We’ve recently been revisiting the 68 volumes in the RGO 14 collection of papers from the Board of Longitude which are now at the Cambridge University Library, as part of the new project to digitize these and other longitude-related documents. As has been a recurrent theme, these papers are far from complete or representative, being weighted towards the later decades and having been collected, reordered and bound by the Astronomer Royal George Airy thirty years after the abolition of the Board. However, they contain much valuable and interesting material, both from the lifetime of the Commissioners and — as Katy showed in a recent post — from Airy’s later sorting and binding of these records.
One of the interesting aspects of this collection to me is that it encompasses such a variety of types of materials including informal notes and calculations, letters and petitions, meeting minutes (draft as well as finalized) and other official documents, financial accounts, accounts of and records from astronomical events and sea voyages, and so on. I’ve recently been looking at some of the volumes of financial records (in total RGO 14/2 and 14/15-21), which also include some pocket expense books and ‘cheque books’ from key actors in the later history of the Board. These not only add to the information available to us today on the activities and financial dealings of the Board, but also reflect how much of both were tied up in interpersonal ties and communications, and in the actions and decision-making of key Commissioners and employees – especially the Astronomer Royal and the Secretary. Some of the small marbled books of accounts (like that shown above) are not signed but were presumably kept by the Secretary, who was a paid employee first requested by the Commissioners in 1762 and approved of by the King the following year.
Inscriptions in or on other pocket books and ‘cheque books’ specify that they belonged to key actors including the long-time Astronomer Royal and highly active Commissioner Nevil Maskelyne and the Secretary Thomas Young. Young served as the final Secretary of the Board but also as a Superintendent of the computing and publication of the annual Nautical Almanac, from the passage of the new longitude Act of 1818 until the abolition of the Board ten years later. As Sophie has mentioned, he was a successful ‘civil servant’ as well as being an enthusiast of Egyptology and optics and Foreign Secretary to the Royal Society – of which then-dominant Commissioner Joseph Banks was of course President.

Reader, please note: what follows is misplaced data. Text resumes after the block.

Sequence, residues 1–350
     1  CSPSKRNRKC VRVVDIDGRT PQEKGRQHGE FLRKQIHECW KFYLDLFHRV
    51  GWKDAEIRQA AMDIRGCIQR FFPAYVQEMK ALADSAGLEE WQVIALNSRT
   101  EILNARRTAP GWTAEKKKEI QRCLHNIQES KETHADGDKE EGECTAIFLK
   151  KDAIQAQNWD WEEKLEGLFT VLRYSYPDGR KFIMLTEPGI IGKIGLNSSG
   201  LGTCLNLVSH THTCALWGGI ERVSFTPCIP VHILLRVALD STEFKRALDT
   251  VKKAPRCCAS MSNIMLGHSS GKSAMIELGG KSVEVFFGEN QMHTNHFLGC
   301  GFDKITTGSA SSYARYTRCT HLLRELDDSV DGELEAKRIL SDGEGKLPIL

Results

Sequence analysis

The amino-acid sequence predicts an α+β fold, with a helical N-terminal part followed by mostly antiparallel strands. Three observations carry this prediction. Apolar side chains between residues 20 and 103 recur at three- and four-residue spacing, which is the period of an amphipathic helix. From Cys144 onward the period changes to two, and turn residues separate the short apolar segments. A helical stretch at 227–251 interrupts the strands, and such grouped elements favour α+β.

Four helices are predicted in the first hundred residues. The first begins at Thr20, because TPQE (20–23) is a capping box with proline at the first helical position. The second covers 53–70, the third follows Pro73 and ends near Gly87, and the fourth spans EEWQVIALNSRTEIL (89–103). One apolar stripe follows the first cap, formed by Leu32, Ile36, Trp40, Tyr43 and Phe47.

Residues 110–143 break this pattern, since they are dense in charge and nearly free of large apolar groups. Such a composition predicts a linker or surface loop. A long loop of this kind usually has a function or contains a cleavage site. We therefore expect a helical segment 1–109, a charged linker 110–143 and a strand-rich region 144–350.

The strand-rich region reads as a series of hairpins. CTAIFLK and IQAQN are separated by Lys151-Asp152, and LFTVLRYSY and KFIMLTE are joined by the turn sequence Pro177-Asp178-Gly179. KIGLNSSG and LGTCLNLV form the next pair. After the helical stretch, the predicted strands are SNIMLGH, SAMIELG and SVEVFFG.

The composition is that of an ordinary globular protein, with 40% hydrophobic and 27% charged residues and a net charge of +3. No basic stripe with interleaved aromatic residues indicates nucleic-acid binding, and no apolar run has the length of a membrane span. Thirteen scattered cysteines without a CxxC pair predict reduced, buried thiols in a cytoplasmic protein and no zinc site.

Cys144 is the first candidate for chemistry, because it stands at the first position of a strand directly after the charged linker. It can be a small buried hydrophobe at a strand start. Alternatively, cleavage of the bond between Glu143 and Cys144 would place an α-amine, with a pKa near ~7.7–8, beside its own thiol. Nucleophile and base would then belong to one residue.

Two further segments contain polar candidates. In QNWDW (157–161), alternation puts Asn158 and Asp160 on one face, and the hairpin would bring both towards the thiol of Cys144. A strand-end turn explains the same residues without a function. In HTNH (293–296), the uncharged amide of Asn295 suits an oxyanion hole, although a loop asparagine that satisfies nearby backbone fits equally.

In RGO 14/18 there are two of Maskelyne’s small marbled pocket books, one of which is pictured above. These are interesting because they record expenses which the Astronomer Royal incurred in posting and receiving correspondence relevant to the Board between 1783 and 1806, for which he was eventually reimbursed. (Until 1840, it was typically the recipient who had to pay to claim a letter!) These records reinforce the view provided by many other types of evidence of just how active in, and central to, the Board activities and financial transactions the Astronomer was during this period – and how much of this business was conducted betwixt individuals rather than at the periodic communal meetings.
There are various books related to Thomas Young as well including his small white leather pocket book for 1819 to 1828 in RGO 14/2, and his ‘cheque book’ (i.e. cheque stubs which Airy had mounted – as seen above) for 1819 to 1823 in RGO 14/8. The pocket book contains one other, somewhat poignant piece of evidence – handwritten minutes from the 1829 meeting of the ‘Members of the Committee of accounts of the late Board of Longitude’ to disperse the funds which still remained in the name of the Board after its official abolition.
Photo credits: Alexi Baker / Cambridge University Library.